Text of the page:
The Apollo 17 expedition carried the last group of astronauts to visit the moon in 1972. The USA has plans to send humans back to the moon in 2025 or 2026 using the Artemis 3 rocket and SpaceX’s Starship vehicle (see https://www.space.com/artemis-1-going-back-to-the-moon#section-back-to-the-moon).
One of the reasons for the Artemis mission is to investigate the potential to use the moon as a staging post for further solar expedition. Water, in the form of ice, has been discovered in the polar regions of the moon. This water can be broken down via a process of electrolysis to form Oxygen, necessary to sustain life, and hydrogen, a potential rocket fuel. This would most like be accomplished via a means of In-situ Resources Utlisation (ISRU). This means that material (ice) is processed in-situ and not extracted, transported and processed in a mill as most mines operate on earth.
It may also be necessary to harness other resources on the moon to sustain future lunar bases. Lunar regolith is the layer of loose dust several meters thick that covers the surface of the moon. It consists primarily of binary compounds of oxygen (See Table 1).
Using an energy intensive Fray, Farthing and Chen (FFC) electrolysis process, it may be possible to separate the principal chemical elements from lunar regolith. These elements, plus their potential uses, are listed in Table 2.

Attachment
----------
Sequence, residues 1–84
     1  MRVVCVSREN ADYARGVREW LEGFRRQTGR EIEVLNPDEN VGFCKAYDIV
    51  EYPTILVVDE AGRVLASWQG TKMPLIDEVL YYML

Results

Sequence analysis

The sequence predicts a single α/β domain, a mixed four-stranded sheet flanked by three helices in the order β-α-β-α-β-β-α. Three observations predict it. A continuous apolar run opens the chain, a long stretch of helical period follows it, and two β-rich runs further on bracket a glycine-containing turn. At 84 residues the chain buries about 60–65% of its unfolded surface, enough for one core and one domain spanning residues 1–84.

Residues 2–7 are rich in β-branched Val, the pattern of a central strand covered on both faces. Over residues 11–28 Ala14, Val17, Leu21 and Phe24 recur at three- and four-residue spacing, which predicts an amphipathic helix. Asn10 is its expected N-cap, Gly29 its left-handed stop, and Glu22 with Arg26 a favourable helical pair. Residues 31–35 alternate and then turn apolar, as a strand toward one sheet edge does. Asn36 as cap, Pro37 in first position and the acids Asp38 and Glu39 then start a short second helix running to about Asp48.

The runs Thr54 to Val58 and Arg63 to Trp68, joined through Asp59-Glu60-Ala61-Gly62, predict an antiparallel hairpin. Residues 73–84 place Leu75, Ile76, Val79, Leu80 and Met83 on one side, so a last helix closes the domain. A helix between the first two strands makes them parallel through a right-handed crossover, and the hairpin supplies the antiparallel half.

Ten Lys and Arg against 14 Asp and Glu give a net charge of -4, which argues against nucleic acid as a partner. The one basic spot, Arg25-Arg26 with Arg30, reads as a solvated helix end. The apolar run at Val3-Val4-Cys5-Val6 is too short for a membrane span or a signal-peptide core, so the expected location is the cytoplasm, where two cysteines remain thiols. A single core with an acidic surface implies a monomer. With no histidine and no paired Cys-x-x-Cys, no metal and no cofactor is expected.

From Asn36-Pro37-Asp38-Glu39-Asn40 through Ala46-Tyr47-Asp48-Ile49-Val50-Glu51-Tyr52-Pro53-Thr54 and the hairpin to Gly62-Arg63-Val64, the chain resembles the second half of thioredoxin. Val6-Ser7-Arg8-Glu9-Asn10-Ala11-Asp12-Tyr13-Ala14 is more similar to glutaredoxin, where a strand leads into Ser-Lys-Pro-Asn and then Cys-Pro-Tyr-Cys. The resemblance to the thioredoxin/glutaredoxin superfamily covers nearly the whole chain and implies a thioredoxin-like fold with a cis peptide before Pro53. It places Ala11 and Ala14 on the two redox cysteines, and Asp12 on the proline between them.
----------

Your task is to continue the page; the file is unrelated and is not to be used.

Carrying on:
Processed regolith also shows substantial promise as a building material, with substantial research by the University of Adelaide into sintering and smelting regolith to produce low cost lunar bricks (see “Lunar construction” paper).
In order to process regolith material on the lunar surface, it must first be mined. Your task is to develop a CONCEPT STUDY as to how you might MINE LUNAR REGOLITH so as to feed a processing plant to either manufacture lunar bricks or extract metals. The scope involved the development of a preferred configuration for your concept design, as well as the enunciation of a plan for deploying your design on the surface of the moon.
Your task does NOT include:
This project involves a concept study
It is very expensive to transport materials to the moon. The price of launching material into space is approximately US$400,000 per kg.
It is suggested that each team adopt a Systems Engineering design approach to developing their concept designs. The “V” systems model is commonly employed to help guide this development (see Cloutier et al, 2015).
This begins by:
One your team has settled on s detailed list of systems requirements, it is time to move onto what is know as the “solutions space”.
This begin by breaking the system down into a series of sub-systems, each of which are necessary for the performance of the whole system. For example, the Lunar Miner will require a: